It was also reported that the four members of Arctic Monkeys - Alex Turner, Jamie Cook, Nick O’Malley and Matt Helders - sheltered between £557,000 ($950,000) and £1.1 million ($1.9 million) in the Liberty scheme.
George Michael’s publicist and representatives of the Arctic Monkeys all declined to comment, states The Times.
Katie Melua, meanwhile, sought to shelter £850,000 through Liberty in 2008. Two years later, she was nominated for Christian Aid’s Tax Superhero Award after publicly stating that she paid “nearly half of what comes to me in taxes”.
Take That Members Face Huge Bill For Tax-Avoidance Scheme
Speaking to The Times, Melua’s lawyers said that she had invested in Liberty at the suggestion of her accountants but repaid the sheltered tax to Revenue & Customs and so had not avoided tax.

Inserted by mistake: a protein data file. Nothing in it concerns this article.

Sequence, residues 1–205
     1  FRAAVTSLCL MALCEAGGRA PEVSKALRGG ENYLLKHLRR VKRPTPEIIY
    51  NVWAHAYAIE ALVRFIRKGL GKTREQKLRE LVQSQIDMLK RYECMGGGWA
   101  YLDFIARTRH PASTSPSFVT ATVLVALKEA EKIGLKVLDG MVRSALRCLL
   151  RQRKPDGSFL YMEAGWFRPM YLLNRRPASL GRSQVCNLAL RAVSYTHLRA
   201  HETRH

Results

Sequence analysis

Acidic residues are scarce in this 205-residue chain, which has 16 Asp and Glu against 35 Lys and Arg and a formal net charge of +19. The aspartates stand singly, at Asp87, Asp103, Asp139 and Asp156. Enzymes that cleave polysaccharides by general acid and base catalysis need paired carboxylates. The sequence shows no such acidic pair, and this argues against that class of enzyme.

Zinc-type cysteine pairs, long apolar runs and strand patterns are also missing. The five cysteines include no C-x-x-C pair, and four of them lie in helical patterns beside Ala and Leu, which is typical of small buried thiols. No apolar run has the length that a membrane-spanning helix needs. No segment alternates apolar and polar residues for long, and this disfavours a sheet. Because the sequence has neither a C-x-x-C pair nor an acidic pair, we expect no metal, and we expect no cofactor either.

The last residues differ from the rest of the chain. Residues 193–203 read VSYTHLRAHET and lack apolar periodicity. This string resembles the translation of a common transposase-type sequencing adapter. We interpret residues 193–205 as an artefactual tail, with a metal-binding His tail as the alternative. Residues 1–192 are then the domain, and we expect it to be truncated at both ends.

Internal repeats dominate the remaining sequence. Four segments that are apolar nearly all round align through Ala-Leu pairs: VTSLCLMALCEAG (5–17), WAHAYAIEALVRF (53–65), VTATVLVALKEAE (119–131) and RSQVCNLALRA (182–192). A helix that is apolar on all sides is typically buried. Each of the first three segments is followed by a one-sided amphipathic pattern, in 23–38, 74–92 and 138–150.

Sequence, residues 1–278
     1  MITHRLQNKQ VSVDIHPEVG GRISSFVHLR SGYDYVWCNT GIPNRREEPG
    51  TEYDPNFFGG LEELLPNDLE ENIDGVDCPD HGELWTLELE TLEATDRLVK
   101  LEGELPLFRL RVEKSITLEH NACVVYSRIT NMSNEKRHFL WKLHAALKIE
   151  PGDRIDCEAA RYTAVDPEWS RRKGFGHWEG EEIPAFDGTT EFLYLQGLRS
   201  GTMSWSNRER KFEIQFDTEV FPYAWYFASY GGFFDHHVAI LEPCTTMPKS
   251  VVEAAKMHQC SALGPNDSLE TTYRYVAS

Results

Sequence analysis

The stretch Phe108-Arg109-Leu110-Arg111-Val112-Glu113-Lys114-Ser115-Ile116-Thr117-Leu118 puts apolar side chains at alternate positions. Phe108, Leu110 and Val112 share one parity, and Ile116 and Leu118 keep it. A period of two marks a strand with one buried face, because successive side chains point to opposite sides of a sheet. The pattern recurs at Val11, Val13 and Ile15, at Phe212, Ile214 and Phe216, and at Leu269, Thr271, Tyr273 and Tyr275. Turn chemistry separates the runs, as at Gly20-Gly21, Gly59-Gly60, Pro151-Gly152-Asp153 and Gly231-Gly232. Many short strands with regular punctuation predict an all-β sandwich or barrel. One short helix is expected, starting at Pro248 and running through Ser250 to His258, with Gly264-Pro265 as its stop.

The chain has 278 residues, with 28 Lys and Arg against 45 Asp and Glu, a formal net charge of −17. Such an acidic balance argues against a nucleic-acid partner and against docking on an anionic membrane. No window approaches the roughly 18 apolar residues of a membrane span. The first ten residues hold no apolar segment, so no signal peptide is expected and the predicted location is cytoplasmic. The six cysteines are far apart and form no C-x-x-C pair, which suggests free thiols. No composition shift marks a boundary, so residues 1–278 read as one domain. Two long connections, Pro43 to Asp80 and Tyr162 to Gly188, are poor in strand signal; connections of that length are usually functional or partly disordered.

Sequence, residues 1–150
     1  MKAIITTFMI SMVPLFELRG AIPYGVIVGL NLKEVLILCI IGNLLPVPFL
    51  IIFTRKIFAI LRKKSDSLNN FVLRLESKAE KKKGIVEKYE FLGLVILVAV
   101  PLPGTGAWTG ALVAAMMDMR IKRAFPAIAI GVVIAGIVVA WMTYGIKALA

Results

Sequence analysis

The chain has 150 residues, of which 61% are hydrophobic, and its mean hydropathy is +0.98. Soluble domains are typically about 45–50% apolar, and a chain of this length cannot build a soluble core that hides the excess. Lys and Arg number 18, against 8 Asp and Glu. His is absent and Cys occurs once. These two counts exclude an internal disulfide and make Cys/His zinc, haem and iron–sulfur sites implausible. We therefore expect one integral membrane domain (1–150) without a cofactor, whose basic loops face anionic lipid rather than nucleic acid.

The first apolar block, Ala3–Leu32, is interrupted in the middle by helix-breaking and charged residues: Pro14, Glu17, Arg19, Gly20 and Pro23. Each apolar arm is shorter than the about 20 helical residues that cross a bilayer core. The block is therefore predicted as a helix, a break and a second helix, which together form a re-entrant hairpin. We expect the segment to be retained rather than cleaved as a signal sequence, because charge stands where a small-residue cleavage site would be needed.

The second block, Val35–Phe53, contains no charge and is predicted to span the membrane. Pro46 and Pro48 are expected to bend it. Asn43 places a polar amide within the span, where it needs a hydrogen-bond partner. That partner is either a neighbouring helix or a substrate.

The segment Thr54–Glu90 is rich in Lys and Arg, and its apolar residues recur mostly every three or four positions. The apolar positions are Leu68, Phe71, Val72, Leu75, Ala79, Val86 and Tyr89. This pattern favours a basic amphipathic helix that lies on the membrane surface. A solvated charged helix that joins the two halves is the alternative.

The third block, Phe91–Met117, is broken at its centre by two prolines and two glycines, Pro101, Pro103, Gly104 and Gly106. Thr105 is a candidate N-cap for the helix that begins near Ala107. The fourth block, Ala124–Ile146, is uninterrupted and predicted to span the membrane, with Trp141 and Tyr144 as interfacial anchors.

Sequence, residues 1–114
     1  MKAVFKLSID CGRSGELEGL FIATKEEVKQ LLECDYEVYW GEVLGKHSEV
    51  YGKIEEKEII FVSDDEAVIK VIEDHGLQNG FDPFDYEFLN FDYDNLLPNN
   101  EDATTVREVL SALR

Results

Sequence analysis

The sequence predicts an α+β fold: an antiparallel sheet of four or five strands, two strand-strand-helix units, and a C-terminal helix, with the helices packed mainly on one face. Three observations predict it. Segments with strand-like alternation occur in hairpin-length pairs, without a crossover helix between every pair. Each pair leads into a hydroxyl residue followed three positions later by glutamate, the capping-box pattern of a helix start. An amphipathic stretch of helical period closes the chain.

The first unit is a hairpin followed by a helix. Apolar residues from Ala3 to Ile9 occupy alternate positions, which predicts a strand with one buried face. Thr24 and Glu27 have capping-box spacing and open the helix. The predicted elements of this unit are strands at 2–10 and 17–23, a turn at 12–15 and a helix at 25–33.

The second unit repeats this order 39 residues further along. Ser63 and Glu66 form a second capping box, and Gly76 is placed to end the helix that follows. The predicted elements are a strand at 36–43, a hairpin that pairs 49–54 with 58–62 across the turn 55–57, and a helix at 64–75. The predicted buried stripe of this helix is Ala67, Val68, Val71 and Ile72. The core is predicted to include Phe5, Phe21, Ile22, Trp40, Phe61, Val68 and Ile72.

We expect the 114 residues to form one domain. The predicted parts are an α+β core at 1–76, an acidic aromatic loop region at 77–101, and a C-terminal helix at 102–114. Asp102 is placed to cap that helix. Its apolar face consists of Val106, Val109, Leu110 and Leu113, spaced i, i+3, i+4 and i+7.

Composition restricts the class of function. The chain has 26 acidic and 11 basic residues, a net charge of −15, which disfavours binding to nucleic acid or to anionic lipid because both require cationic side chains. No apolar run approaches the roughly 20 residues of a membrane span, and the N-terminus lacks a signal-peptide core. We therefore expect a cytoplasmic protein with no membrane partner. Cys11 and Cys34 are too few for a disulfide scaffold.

HM Revenues and Custom (HMRC) has spent more than a decade investigating Liberty, which generated huge artificial ‘losses’ offshore which its members could then use to avoid tax on other income. HMRC is due to challenge the legality of the scheme in court next year.
However, under new Treasury rules due to be brought in this month, Liberty members may have to pay back hundreds of millions of pounds in disputed tax before any hearing takes takes place. The Times states that Gary Barlow, who reportedly invested over £4 million ($6.8 million) in the Liberty scheme, is among those who can expect to receive a large tax bill in the coming weeks.
Barlow also faces a separate tax bill over his involvement in a second tax avoidance scheme called Icebreaker, which was discredited by Judge Colin Bishop at a ruling earlier this year. Barlow’s Take That bandmates Howard Donald, Mark Owen and band’s manager, Jonathan Wild, were also reported to have invested in the Icebreaker scheme, which was used by around 1,000 people and wealthy individuals to shelter approximately £340 million ($580 million).